Indonesia currently occupies the seventh place in the list of the world's largest tea producers. Its major tea growing areas are Central and West Java, as well as North Sumatra. Due to massive palm oil production, tea growing, which is less profitable, has somewhat declined in recent years. However, tea is still one of the main crops of Indonesia.
Tea production started in Indonesia under Dutch colonial rule. Black tea is the most widespread type of tea in Indonesia. To learn more about this crop, you can visit biggest tea plantations of Indonesia—Gibuna, Taloon, Santosa, and Malabar.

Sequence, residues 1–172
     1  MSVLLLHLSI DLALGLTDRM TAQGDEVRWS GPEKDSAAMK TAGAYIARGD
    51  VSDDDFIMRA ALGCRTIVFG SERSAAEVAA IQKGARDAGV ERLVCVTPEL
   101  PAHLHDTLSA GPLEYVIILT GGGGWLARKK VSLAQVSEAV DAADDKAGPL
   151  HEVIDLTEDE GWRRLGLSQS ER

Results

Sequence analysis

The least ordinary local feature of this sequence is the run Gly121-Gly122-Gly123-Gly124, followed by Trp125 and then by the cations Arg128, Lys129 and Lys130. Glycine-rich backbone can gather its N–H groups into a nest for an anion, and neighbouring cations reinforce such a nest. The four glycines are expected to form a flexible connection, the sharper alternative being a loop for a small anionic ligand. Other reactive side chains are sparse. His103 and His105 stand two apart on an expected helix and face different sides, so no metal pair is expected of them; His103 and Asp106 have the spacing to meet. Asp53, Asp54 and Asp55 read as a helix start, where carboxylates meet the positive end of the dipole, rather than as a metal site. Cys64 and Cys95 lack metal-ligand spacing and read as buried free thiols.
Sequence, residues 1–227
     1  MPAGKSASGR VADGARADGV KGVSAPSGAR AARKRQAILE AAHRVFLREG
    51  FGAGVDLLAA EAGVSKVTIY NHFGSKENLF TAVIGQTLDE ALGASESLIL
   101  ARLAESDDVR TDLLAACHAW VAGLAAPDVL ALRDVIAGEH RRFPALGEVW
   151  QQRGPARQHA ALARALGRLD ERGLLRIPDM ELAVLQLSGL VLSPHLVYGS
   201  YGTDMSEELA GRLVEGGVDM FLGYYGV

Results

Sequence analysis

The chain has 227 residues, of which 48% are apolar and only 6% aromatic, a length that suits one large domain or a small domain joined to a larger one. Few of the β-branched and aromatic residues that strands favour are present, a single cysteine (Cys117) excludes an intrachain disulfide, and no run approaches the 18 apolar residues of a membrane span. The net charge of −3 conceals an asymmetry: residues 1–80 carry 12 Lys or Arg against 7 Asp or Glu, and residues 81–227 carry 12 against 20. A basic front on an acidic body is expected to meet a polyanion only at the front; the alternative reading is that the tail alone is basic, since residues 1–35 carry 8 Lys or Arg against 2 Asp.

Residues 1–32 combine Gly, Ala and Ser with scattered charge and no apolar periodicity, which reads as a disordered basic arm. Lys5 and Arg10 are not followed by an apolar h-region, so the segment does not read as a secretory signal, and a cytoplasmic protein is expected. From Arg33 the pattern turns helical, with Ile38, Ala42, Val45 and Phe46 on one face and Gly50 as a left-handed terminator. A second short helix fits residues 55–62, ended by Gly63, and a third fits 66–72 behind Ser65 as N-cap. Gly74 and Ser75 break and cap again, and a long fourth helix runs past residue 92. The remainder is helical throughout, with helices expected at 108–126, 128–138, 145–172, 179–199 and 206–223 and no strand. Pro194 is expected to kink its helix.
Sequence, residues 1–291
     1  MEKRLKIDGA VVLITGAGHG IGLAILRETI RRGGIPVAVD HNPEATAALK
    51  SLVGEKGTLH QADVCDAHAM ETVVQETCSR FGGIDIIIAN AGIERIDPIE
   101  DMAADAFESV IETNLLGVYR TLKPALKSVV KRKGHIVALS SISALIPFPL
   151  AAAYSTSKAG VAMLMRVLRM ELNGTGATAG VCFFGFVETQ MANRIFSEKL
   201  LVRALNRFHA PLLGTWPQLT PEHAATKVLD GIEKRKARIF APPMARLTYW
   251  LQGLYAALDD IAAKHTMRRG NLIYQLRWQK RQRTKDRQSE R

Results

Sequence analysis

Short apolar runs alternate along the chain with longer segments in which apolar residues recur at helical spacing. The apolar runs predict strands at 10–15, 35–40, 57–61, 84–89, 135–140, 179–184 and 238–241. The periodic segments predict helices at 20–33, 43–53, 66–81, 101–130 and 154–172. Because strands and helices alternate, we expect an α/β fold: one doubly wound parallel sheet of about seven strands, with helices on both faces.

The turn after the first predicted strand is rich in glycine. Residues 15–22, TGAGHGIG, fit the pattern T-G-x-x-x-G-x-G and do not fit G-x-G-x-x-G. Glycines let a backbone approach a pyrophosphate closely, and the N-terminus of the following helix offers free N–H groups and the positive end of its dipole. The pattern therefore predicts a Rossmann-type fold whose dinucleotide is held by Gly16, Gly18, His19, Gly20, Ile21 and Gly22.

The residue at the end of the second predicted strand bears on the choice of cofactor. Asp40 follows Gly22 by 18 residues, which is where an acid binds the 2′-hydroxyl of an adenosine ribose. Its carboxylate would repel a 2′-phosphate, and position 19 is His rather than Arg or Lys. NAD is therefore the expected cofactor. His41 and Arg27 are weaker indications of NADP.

Gunung Mas is the closest big tea plantation to Jakarta. It's located 90 kilometers south of the capital. The Gunung Mas tea plantation was founded in the Dutch colonial era and now is owned by the state. The plantation covers the area of about 2500 ha. You can observe tea-pickers as well as drying, processing and packaging of the tea with the help of antique machinery. Local tea is exported all over the world, and to such brands as Twinings and Pickwick.
Tea is harvested in Indonesia all year round as the volcanic soils are fertile and the air is always warm. Some people consider the dry season a better time to visit tea farms, though.